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Vocabulary Notebooks –
Ways to make them work
by Robert Ledbury
- 1

Learner training and the development of study skills have become an important element of both syllabuses and commercially produced coursebooks. An important aim of this strand of the syllabus is to train students how to learn and store new vocabulary effectively. Students are encouraged to store new vocabulary in a vocabulary notebook in a variety of ways: under topics, under collocations, with (or without) translations, with sample sentences. Topic based lists or spidergrams are often recommended because they aid memory and recall, and may easily be revised or added to.

This is all very sound advice for learners of English, based both on theories of learning and vocabulary acquisition. Why is it then, that despite all the good advice, the experience of many teachers suggests that students do not attach importance to organising their vocabulary learning systematically? This is certainly true of students in my own teaching situation. Why do students continue to regularly note the new vocabulary they encounter in the form of lists of words with a one-to-one translation, often in the back of their class notebook , and in no particular order? Two reasons may be the absence of a vocabulary strand in the curriculum that includes systematic training in the organisation of vocabulary learning, and a failure to set aside classroom time specifically devoted to training students in how to organise vocabulary learning.

This article will describe a set of underlying principles for learning vocabulary as well as draw on practical experiences of training students how to organise their vocabulary learning. A training programme for students, designed to promote the effective use of vocabulary notebooks that will both help students to expand their vocabulary and deepen their knowledge of how words work, will be presented.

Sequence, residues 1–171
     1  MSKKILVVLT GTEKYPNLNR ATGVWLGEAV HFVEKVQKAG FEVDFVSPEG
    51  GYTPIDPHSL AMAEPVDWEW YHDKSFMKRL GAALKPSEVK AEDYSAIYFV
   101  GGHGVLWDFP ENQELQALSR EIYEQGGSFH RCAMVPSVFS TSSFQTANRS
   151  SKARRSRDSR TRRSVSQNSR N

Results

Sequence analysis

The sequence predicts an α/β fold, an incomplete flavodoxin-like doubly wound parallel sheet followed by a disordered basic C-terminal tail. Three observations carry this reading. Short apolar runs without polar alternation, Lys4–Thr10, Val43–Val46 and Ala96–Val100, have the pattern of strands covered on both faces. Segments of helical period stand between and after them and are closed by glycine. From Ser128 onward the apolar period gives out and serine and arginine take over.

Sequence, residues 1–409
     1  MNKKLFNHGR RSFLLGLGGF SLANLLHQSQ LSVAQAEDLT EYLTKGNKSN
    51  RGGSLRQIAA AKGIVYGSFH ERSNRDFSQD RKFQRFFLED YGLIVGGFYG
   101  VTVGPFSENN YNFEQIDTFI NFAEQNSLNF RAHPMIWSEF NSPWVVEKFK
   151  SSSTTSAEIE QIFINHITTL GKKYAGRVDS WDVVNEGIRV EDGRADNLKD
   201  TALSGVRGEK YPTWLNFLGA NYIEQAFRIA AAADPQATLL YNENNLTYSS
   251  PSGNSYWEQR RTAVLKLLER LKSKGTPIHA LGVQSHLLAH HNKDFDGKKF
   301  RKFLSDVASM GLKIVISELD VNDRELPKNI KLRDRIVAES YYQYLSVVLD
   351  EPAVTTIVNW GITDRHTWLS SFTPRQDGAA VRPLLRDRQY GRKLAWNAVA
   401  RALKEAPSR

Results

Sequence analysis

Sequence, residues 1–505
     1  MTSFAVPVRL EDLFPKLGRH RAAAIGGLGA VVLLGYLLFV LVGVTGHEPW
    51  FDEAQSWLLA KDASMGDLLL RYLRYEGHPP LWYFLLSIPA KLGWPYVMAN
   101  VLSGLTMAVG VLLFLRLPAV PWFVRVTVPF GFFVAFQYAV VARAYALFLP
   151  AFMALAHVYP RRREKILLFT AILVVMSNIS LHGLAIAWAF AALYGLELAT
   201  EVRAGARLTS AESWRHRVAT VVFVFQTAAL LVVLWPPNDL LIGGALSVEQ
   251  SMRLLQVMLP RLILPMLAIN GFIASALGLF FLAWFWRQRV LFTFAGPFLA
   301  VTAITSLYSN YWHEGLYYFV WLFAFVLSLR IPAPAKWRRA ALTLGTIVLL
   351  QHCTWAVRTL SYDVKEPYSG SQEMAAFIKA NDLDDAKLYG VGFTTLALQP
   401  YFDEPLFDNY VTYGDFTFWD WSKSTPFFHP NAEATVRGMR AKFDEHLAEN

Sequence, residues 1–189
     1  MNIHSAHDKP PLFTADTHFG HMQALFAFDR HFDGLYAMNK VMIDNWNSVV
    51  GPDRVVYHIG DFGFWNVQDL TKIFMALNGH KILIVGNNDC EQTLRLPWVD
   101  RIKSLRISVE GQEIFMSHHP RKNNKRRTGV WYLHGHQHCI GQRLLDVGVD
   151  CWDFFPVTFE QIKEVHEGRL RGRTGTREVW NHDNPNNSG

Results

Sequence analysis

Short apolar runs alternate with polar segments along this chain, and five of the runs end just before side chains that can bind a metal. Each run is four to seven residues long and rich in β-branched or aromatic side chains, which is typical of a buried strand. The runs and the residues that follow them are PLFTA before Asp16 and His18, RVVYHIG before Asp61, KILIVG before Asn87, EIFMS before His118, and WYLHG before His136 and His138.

Schmitt and Schmitt (1995) outline eleven principles that draw both on theories of memory and language learning, and which provide a framework for training students in the strategies necessary to learn the vocabulary they need.

Eleven Principles for Learning Vocabulary: Strategies for Memorisation

  • The best way to remember new words is to incorporate them into language that is already known.
  • Organised material is easier to learn.
  • Words which are very similar should not be learned at the same time.
            e.g. words like effect and affect
  • Word pairs (native word/English word) can be used to learn a great number of words in a short time.
  • Knowing a word entails more than just knowing its meaning.
            Knowing a word involves knowing its spelling, derivatives,         pronunciation, related grammar, collocations and         connotation.
  • The deeper the mental processing used when learning a new word, the more likely that a learner will remember it.
  • The act of recalling a word makes it more likely that a learner will recall it again later.
  • Learners must pay close attention in order to learn most effectively.
  • Words need to be recycled to be learned.
  • An efficient recycling method involves “expanding rehearsal”.
            This refers to the fact that in order to learn something it is         important to revise soon after the first learning experience.         One hour later, then 24, then a few days then a week and so         on….
  • Learners are individuals and have different learning styles.

(Schmitt, N. & Schmitt, D. Vocabulary Notebooks: theoretical underpinnings and practical suggestions, ELT Notebook 49/2 April 1995)

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